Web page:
1 - 10 of 65 articles
The idea that climatic change severe enough to affect human life may have occurred during historic times is still new among historians. Evidences of such changes have been derived by surprisingly diverse indirect routes: chemical analysis of stalactites from a cave in New Zealand, for example,...
Although rifampin seldom upsets the stomach, it induces hepatic enzymes. As a result, tuberculous women taking the drug and relying on the contraceptive pill become pregnant, and addicts in methadone programs have withdrawal symptoms. In his book, Thoracic Medicine, Emerson warns about treating...
For quite some time, there have been two unresolved questions claiming the interest of those involved in the management of the sexually transmitted diseases (STDs) in the female patient.
One concerns the possibility that the rate of positive cultures for Neisseria gonorrhoeae obtained from the...
To the Editor.—
In the recent article on the use of clonidine in hypertensive urgencies (1981;246:848), it seems clear that this agent is effective in those patients with severe hypertension who do not constitute a hypertensive emergency. However, we do have one major concern. The authors...
Medical history is full of instances where previously accepted therapies and investigative practices have been rightly discarded after their ineffectiveness has been demonstrated. Regrettably, a few procedures of unproved value still linger in many hospitals. Paramount among these are the...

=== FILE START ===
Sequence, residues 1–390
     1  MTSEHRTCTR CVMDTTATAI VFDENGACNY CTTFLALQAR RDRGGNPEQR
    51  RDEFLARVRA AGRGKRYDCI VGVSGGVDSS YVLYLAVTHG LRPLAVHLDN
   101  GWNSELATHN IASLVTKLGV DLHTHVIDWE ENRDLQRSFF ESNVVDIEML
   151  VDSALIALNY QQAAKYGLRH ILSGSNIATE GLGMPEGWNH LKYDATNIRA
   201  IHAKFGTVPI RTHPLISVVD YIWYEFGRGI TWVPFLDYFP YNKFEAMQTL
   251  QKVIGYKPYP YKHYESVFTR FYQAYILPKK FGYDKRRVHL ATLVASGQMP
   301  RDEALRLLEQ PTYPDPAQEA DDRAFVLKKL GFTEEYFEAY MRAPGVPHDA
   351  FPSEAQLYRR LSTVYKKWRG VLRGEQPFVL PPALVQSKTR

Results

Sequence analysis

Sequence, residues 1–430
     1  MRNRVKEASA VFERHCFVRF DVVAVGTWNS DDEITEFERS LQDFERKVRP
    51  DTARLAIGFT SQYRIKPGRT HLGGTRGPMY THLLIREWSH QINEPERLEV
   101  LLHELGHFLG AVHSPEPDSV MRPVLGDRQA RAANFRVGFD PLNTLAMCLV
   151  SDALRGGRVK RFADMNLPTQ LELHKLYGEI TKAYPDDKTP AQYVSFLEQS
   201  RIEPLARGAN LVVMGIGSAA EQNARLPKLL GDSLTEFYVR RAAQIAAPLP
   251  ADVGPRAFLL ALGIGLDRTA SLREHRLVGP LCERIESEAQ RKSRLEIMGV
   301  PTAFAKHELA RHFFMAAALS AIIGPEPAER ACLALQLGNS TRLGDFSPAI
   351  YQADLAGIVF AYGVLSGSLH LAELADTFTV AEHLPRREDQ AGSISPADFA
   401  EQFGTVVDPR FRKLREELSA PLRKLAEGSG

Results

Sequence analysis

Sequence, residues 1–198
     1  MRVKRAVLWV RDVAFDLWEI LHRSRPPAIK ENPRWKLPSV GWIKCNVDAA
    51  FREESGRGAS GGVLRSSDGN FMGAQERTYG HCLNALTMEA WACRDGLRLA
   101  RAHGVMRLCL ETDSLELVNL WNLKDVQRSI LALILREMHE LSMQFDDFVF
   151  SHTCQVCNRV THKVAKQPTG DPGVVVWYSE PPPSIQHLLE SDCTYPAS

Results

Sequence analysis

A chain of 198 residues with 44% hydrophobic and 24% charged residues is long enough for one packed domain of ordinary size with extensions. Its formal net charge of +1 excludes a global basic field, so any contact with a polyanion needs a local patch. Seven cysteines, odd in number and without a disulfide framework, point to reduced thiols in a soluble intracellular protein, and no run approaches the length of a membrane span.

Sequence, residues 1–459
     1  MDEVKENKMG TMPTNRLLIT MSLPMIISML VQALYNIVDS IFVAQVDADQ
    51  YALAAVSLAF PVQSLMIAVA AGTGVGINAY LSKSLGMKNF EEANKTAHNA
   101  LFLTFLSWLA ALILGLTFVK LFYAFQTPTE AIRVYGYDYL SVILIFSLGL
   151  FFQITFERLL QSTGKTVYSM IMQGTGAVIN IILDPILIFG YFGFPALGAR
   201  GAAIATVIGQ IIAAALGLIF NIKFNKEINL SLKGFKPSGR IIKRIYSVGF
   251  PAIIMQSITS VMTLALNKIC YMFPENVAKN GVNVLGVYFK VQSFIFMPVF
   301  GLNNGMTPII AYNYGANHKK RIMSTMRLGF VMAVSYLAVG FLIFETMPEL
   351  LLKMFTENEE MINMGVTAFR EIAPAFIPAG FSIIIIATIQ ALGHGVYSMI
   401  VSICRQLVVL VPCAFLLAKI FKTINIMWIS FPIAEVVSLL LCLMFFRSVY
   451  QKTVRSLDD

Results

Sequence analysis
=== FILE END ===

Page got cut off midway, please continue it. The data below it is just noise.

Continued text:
INFECTION of articular and paraarticular tissue by Mycobacterium marinum is reported infrequently. In a recent review of atypical mycobacterial joint infections,1 only one was diagnosed and treated without surgery. Even in that case, drug therapy (aminosalicylic acid, isoniazid, and streptomycin...
It is my custom, when I come on a floor of the hospital, to take the appropriate nursing charts and to direct my attention first to that section labeled "Nursing Notes." This quickly tells me what each patient's course has been in the previous 24 hours, after which I review more leisurely those...
The article "Cryosurgery or Microsurgery in the Management of Acromegaly" by Teasdale et al in this issue of The Journal (p 1289) promulgates no heresy. The authors offer convincing evidence that, of the two methods evaluated, microsurgery is preferable. Since their conclusion conforms with that...
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